There are many laws designed to protect the integrity of the nation’s health care system. Two of the most important — and which can result in whistleblower lawsuits by private individuals — are the anti-kickback statute and Stark Law.
The anti-kickback statute makes it illegal for anyone to offer, pay, solicit or receive anything of value for inducing or rewarding referrals for federal health care business. This applies to any items or services for any federal health program.
The Stark Law applies only to Medicare/Medicaid and prohibits physicians from making referrals to Medicare patients for designated health services in which the physician has a financial interest.
Our successes include a $51 million recovery for medical device fraud and Stark Law violations, a $16.5 million recovery for Stark Law and anti-kickback statue violations involving HCA hospitals, and an $8 million recovery against a pharmaceutical retailer for illegal kickbacks.
How Are These Laws Involved In Qui Tam Prosecutions?
Because violations of these laws can result in the federal government both overpaying for services and paying for ineligible services, both are subject to civil litigation under the False Claims Act. This means that individuals with evidence about physicians who make illegal service referrals or physicians or other medical providers who accept or furnish illegal kickbacks can serve as “relators” in qui tam prosecutions and potentially share in the recovery of government funds.
Our firm has achieved noteworthy success prosecuting cases involving violations of the anti-kickback statute and Stark Law, representing individuals who have information on Medicare fraud and working closely with federal prosecutors.
Examples of illegal kickbacks and referrals include:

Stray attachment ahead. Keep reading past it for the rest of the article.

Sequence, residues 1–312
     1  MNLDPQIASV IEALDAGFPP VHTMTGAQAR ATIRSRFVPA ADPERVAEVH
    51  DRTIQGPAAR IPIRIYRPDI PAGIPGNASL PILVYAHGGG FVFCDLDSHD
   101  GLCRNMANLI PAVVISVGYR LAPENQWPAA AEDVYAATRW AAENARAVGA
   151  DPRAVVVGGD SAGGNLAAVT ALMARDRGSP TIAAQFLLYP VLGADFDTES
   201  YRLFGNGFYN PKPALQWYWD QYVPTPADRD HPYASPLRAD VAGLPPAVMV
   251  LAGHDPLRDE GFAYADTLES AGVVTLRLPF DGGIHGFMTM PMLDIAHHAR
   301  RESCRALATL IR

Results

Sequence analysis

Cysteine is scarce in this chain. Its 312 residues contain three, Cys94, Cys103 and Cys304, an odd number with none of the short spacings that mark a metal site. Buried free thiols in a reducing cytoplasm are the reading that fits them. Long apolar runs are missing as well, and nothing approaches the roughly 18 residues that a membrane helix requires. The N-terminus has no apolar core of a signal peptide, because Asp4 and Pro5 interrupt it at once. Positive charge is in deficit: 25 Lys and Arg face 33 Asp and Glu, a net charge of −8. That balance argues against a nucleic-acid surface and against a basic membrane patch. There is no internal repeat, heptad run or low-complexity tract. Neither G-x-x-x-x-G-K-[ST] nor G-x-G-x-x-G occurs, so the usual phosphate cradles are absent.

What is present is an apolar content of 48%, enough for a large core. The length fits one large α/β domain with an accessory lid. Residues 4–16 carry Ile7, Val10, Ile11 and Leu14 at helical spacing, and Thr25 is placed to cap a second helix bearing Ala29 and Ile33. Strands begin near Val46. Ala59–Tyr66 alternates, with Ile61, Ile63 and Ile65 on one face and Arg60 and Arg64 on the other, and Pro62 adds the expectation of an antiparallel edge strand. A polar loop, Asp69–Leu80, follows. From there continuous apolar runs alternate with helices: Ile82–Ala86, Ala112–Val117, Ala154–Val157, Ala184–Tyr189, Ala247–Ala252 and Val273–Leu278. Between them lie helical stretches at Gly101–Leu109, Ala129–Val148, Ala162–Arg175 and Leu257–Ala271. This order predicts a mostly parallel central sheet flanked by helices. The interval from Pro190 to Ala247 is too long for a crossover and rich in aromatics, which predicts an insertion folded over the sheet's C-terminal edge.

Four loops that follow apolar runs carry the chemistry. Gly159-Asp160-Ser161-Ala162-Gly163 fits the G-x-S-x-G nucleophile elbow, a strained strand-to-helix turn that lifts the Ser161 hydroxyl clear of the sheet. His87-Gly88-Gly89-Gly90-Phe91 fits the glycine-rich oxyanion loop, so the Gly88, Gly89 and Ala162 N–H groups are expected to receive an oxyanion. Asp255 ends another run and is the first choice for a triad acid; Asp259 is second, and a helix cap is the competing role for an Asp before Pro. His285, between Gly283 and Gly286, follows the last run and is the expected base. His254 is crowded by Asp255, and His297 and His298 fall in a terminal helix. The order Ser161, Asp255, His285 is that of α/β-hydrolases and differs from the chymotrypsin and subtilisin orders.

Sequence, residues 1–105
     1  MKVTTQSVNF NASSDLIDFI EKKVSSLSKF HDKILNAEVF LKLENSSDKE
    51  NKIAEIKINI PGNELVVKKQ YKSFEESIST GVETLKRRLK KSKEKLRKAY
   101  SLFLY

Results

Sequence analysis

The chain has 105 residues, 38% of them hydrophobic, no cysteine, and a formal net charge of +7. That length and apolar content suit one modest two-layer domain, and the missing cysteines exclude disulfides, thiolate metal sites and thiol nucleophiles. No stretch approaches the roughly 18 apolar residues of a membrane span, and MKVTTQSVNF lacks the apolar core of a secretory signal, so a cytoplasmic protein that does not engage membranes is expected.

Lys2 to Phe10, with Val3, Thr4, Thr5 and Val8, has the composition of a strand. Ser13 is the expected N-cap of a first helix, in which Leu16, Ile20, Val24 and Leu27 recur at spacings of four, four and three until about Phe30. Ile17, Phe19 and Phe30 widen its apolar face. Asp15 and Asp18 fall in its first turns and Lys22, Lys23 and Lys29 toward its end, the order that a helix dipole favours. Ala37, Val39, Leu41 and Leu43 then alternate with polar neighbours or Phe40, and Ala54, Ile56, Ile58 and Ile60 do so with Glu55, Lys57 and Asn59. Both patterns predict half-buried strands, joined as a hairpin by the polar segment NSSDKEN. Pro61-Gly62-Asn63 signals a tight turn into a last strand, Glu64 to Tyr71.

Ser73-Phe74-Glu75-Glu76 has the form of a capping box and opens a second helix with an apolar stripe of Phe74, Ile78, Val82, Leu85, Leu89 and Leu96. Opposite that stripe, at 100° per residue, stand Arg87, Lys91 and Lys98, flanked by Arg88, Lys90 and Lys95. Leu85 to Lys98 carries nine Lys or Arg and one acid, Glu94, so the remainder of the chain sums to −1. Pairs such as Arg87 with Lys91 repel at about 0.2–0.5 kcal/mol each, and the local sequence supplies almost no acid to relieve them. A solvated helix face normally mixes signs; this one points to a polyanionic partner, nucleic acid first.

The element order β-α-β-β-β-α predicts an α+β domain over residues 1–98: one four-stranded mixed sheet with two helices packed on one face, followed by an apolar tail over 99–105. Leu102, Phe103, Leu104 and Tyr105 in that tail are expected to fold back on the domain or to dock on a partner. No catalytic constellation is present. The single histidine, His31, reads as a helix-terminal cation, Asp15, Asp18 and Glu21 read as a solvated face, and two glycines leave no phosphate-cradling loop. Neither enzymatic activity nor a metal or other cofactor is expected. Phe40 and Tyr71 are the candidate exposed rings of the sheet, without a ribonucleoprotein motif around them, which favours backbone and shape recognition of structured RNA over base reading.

- A Massachusetts pharmaceutical company paid a $559.5 million settlement for giving illegal kickbacks to doctors who prescribed its prostate cancer drug. A vice president of sales for the company quit his job and alerted the government when he became concerned about the company’s marketing practices. Additionally, an HMO provider had come under increasing pressure to switch from an equally effective but significantly less expensive alternative drug because the pharmaceutical company offered its doctors a panoply of inducements to prescribe the expensive drug, including ski and golfing trips, free televisions and VCRs, cocktail party bar tabs, and an array of free products and services.
- A Texas durable medical equipment company paid durable medical equipment dealers and independent agents fees in exchange for the referral of Medicare patients. The kickback scheme included payment of specific amounts, which increased based on the dollar volume of durable medical equipment delivered to the patients. The company agreed to a $1.2 million settlement.
- A California hospital gave free office space to a psychiatric services management company, and inflated management and director fees to induce it to funnel patients to the hospital. This kickback scheme violated the Stark Law and resulted in a $5.1 million settlement paid by the hospital.
- A Florida durable medical equipment company agreed to a $10 million settlement for giving kickbacks to suppliers and physicians for patient referrals. The company distributed mail-order respiratory medication and diabetic supplies to Medicare beneficiaries. The company paid kickbacks, disguised as “marketing fees,” each time a patient received a medication shipment, and also waived co-insurance payments for Medicare beneficiaries.
Contact Warren | Benson Law Group
If you have information related to illegal Medicare referrals or kickbacks, contact our attorneys for a confidential consultation. Call 800-844-4406 or send an email.